@julnyes The East Coast transplant people definitely have their spot on the San Francisco Wheel of Stereotypes, but maybe it is a wheel we only share with ourselves? In any case, I meet a lot of former Midwesterners and East Coasters while driving who went to school for some kind of computer thing or finance thing. Hardly any Southerners, though. None, now that I think about it.

julnyes (#2,807)

@Kate Dollarhyde@twitter I know a lot of East Coast people who transplanted to SF, so of course that is a thing. I just don’t get how they are a type of person who uses ride shares. Maybe I just don’t see “From the East Coast of the USA” as a type. But, I am an East Coaster, so I wouldn’t know what is being said about us in San Francisco :)

I wonder if this exists in toronto. I can picture cab companies getting all worked up about it, but maybe it plays to a smaller demographic so it’s like, beneath their notice or something?

@redheaded&crazy Right now Lyft is only in San Francisco and Los Angeles, and I thiiiink they’re working on Seattle next. There might be a similar service in Toronto, though!

NoReally (#45)

Airbnb of the road. Are there numbers for how much untaxed income in CA and SF County this adds up to?

NeenerNeener (#156)

@NoReally It kind of looks like the payments go through Lyft, in which case I’d expect them to issue a 1099 to the drivers.

kthkskddn (#2,342)

@NoReally There is pushback from the CA public utilities commission and the taxi industry because services like Lyft don’t have commercial licenses (SF transportation agency keeps a pretty tight lid on the number of operating permits it gives out). Companies like Lyft argue that it’s more of a ridesharing service than a taxi service (because you use their app to arrange a ride, rate the driver etc.).

I don’t really know how to feel about this issue. I feel bad for cab drivers whose business is getting swiped, but pretty much anything is better than trying to hail a cab in SF. No, I know how I feel about this–I want them to fix MUNI and BART.

@NeenerNeener The payments go through Bill.com, who issue a 1099 if you’ve made over X amount of money, I think it’s $2,000. I didn’t hit that in 2012 because I starting driving right before Christmas. Lyft strongly encourages use to pay taxes on our income from them (but they can’t make you do your taxes, obviously) and says we’re supposed to file as self-employed. I’m in the depths of my taxes right now, actually, and figuring the Lyft money in without a 1099 while also trying to correctly report income from an unrelated 1099-MISC is driving me CRAZY.

@kthkskddn Lyft recently reached an interim agreement with the California Public Utilities Commission, which regulates taxi services. The interim agreement allows Lyft to continue operation on the edge of law while the CPUC and services like Lyft (Sidecar and Uber) hammer out an agreement that suits the needs of the state, the law, and the ridesharing industry.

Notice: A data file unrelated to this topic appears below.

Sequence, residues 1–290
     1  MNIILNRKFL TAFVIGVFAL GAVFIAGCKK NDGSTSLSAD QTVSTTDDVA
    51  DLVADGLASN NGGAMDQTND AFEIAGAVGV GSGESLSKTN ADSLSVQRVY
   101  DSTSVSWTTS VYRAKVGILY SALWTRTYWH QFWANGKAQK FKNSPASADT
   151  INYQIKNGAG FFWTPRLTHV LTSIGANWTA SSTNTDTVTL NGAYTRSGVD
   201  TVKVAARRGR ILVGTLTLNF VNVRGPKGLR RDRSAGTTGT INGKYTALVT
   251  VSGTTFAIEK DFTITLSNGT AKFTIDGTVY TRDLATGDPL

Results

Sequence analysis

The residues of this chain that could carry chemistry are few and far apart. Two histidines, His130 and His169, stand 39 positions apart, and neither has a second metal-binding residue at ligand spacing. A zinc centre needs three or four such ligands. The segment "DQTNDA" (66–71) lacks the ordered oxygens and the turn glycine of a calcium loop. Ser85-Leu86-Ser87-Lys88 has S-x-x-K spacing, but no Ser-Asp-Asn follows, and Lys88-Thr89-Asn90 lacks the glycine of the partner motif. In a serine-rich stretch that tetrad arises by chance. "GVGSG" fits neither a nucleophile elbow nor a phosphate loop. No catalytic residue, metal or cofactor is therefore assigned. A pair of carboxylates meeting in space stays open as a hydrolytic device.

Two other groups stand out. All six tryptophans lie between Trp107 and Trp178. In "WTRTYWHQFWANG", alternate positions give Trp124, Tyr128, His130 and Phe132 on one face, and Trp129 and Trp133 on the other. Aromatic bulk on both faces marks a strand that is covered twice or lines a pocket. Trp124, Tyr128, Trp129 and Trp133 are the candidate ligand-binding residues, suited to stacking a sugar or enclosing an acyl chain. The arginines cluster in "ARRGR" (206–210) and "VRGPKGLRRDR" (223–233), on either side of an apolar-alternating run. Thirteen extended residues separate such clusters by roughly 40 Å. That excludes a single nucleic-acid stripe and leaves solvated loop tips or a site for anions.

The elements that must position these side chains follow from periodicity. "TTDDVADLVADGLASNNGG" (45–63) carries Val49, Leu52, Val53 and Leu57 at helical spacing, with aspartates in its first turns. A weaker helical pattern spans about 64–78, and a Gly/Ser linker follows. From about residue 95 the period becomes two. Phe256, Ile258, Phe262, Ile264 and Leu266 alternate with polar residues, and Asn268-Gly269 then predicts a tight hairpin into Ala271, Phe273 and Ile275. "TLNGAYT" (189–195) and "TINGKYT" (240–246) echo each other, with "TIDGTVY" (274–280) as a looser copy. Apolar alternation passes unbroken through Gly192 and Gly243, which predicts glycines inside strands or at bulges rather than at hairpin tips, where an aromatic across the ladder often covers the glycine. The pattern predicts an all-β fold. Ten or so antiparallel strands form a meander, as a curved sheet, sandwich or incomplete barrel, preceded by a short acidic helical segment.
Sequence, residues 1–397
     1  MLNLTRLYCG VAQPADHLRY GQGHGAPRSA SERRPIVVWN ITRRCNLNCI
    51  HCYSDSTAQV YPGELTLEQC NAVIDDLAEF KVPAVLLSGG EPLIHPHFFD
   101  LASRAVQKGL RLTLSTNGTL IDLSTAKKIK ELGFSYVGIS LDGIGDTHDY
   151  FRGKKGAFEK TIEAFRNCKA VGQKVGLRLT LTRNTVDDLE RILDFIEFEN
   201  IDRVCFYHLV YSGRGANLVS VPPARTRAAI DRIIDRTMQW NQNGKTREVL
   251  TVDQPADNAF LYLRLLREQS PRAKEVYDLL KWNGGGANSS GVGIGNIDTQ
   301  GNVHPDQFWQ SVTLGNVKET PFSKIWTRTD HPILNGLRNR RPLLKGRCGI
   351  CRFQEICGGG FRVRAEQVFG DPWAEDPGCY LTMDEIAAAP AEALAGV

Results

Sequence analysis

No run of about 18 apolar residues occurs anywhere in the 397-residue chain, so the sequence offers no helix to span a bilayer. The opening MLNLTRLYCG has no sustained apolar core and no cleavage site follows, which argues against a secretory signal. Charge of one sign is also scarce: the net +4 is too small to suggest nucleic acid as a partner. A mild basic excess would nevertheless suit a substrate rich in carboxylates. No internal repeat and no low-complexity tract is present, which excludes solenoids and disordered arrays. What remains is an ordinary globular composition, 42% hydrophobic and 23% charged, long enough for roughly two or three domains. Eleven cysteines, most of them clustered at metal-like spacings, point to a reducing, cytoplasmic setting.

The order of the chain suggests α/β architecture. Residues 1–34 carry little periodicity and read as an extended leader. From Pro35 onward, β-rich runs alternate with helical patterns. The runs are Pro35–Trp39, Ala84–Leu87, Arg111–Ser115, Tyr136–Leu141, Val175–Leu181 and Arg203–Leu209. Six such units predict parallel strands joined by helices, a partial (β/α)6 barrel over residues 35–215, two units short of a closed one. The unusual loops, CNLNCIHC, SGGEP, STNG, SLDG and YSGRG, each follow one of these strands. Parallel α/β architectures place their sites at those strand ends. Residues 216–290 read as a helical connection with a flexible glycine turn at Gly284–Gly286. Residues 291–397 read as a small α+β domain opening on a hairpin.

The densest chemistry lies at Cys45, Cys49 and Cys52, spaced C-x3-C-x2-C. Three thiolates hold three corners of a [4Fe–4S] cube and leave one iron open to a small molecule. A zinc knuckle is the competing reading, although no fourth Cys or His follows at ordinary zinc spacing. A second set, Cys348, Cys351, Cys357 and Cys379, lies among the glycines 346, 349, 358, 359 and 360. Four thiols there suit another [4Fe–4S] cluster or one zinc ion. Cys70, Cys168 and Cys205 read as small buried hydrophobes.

As for BART and MUNI, I hear you! I used to take MUNI everyday to get to school. A trip from Castro station to !9th and Holloway could often take more than an hour. Now I live in Oakland and commute to school with BART everyday and that usually takes about 50 minutes. BART is much more reliable than MUNI, and they’ve been trying out a new pilot program that will allow bikes on the trains during rush hour. Unfortunately prices are about to go up on BART as well, but they’ve had record ridership for the past few years and desperately need to upgrade their trains and facilities, so I’m not sweatin’ it.

NeenerNeener (#156)

@Kate Dollarhyde@twitter
You should get a 1099 for anything over $600.
If you’re not already, you should keep a mileage log so you can write off mileage against the income. (I’m a tax/accounting lady)

chic noir (#713)

In Baltimore, this sort of thing is called a “hack” or unlicensed taxi drivers aka anyone with a car looking to make a few extra bucks.

tuntastic (#2,769)

No but wait is this your name for realsies though? It’s a pun right? It’s got to be a pun.

chflx (#4,332)

interesting idea, although i’m surprised that this is legal, i thought unlicensed cabs were quite a problem in some cities

Patric Viera (#6,825)

Car is more luxurious vehicle to visit anywhere you want. Luxury car service now provided by several car rental companies also. These car rental companies are now very much famous for their car sharing service. As a responsible car operator, one should properly care his/her car. He/She should take care of car windshield, car door and other car internal and external parts as well. It is the responsibility of a car user to replace the damaged car parts also. Smartphone application is quite effective in Smart cars these days. Smart cars are enable with car infotainment technology. This is really necessary for the Car safety. Smart car service also very necessary for a Smart car user for the good performance and increase in efficiency of the car.

Comments are closed!